After almost a year and a half after breaking up with NetEase, Blizzard has come to a new agreement with its Chinese partner. The deal will make the studio’s game available to local players again.

Blizzard and NetEase make peace to bring WoW and other games to China under new deal

World of Warcraft

What happened?

  • A renewed publishing agreement, signed by NetEase, Blizzard, and Microsoft Gaming, was announced on April 9. As a result, games like World of Warcraft, Hearthstone, Overwatch, Diablo, and StarCraft will return to China this summer.
  • The companies didn’t name the exact date, but in a letter on Weibo, they said they “need time to restart services and solve technical issues including restructuring server rooms and restoring various type of data” (via Bloomberg).
  • Under the new deal, Microsoft will also explore bringing new NetEase games to Xbox consoles and other platforms.
  • “Blizzard and NetEase have done incredible work to renew our commitment to players — Blizzard’s universes have been part of players’ lives in the region for many years,” Microsoft Gaming CEO Phil Spencer said in a statement. “Returning Blizzard’s legendary games to players in China while exploring ways to bring more new titles to Xbox demonstrates our commitment to bringing more games to more players around the world.”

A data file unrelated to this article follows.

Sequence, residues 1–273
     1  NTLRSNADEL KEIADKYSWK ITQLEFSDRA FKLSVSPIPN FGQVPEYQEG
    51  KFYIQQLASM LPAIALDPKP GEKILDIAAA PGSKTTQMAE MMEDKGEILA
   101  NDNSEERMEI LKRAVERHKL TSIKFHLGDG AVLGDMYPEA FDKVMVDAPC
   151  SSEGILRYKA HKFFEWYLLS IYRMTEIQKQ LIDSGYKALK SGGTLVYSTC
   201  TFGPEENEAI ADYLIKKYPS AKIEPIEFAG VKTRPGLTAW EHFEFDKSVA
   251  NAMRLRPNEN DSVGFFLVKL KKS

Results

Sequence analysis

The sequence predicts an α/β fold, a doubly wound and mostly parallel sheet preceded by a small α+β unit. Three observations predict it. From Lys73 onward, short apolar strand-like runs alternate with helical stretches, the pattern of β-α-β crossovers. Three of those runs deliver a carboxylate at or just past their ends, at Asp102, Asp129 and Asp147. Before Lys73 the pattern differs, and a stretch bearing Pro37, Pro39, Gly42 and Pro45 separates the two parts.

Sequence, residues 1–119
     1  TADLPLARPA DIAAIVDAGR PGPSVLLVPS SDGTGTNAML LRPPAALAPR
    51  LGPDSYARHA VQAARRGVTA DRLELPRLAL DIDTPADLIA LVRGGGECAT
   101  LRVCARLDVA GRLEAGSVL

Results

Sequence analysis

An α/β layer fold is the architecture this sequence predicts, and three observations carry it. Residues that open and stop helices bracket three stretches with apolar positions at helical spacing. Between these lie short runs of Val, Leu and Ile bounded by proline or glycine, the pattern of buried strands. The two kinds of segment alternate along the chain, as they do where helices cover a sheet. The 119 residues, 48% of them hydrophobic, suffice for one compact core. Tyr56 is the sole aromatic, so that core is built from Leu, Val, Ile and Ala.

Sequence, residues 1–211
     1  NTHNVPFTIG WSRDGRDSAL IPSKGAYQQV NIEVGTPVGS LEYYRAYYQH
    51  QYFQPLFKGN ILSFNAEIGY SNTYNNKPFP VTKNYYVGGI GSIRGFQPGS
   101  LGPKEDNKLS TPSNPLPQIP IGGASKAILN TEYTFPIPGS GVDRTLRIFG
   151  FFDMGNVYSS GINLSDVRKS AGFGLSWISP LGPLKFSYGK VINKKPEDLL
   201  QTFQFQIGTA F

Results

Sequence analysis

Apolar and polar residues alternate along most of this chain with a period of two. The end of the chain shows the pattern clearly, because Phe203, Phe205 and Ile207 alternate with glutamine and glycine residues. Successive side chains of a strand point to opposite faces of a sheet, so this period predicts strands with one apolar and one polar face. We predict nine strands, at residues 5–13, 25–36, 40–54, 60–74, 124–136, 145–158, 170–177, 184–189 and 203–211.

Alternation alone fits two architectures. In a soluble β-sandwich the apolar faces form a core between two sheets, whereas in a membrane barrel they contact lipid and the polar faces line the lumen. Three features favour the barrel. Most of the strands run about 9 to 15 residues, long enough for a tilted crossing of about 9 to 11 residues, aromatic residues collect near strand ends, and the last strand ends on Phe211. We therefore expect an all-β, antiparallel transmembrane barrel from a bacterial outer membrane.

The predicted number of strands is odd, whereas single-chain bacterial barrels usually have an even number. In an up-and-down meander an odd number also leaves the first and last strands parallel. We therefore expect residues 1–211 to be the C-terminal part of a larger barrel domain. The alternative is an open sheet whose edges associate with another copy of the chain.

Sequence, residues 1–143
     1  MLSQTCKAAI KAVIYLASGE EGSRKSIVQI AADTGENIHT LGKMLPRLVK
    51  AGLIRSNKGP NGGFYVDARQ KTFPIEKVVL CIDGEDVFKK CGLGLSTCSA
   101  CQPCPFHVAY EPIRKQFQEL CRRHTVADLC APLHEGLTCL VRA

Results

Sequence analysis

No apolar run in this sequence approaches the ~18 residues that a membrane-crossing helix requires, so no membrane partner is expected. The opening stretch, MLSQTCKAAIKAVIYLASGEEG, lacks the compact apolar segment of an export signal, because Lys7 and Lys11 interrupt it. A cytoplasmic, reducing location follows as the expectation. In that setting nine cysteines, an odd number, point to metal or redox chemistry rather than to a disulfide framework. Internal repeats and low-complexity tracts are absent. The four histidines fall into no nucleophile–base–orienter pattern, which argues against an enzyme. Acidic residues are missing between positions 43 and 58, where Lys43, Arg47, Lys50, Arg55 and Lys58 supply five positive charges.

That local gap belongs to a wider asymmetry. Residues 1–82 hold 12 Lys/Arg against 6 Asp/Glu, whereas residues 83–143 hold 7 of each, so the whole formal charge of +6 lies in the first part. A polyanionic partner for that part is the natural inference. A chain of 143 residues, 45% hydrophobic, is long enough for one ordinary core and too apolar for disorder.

• The renewed partnership had a positive impact on NetEase shares, with the stock up 2.4% this morning.

Brief timeline of Blizzard’s relationship with NetEase

  • NetEase has published Blizzard titles in China since 2008, also obtaining IP ownership of local versions of the studio’s products and ensuring that the content met the country’s strict regulations.
  • In November 2022, the companies failed to agree on the new terms, announcing the end of their partnership. The only exception was Diablo Immortal, which was licensed under a separate long-term deal.
  • In January 2023, Blizzard games went offline in China, leading to huge anger from local players. It was reported at the time that over 1 million users applied for refunds.
  • Blizzard asked NetEase to extend the expired deal for another six months to allow Chinese users to continue to play the games, but the company refused, saying that this proposal was “not in line with business logic.”
  • In March 2023, The New York Times revealed that disagreements between the companies began long before the expiration of their agreement. The publication cited a phone call between Activision Blizzard CEO Bobby Kotick and NetEase head William Ding, with the latter allegedly saying that NetEase could sway the Chinese government to either block or support the $68.7 billion merge with Microsoft depending on the outcome of the licensing negotiations.
  • There were also several reports about Blizzard’s negotiations with other Chinese companies, including Perfect World and Tencent. However, none of them were successful.

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